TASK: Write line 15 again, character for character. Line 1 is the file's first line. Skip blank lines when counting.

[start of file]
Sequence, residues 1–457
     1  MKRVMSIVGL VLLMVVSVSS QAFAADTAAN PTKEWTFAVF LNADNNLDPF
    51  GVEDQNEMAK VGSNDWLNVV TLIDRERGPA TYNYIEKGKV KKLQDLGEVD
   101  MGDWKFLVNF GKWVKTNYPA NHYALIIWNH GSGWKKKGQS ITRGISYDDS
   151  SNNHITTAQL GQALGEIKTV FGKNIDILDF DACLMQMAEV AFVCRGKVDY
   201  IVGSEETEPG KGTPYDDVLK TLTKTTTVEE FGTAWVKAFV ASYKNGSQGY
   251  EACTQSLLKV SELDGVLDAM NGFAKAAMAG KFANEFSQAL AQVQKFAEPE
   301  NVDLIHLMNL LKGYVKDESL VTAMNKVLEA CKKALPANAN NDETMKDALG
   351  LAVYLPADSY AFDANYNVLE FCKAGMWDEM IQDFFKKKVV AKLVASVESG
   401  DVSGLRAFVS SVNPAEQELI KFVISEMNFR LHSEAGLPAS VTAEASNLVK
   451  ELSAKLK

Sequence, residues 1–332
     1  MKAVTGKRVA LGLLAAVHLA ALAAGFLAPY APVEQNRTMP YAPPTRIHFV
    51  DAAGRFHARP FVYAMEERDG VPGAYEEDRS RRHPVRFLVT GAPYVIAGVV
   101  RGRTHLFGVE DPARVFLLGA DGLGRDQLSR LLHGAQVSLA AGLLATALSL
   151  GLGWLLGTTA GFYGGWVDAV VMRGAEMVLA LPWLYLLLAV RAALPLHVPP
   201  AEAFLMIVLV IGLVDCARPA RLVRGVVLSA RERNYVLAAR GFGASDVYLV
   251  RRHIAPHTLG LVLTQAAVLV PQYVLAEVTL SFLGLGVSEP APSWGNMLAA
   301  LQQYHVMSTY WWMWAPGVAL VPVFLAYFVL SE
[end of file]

   101  RGRTHLFGVE DPARVFLLGA DGLGRDQLSR LLHGAQVSLA AGLLATALSL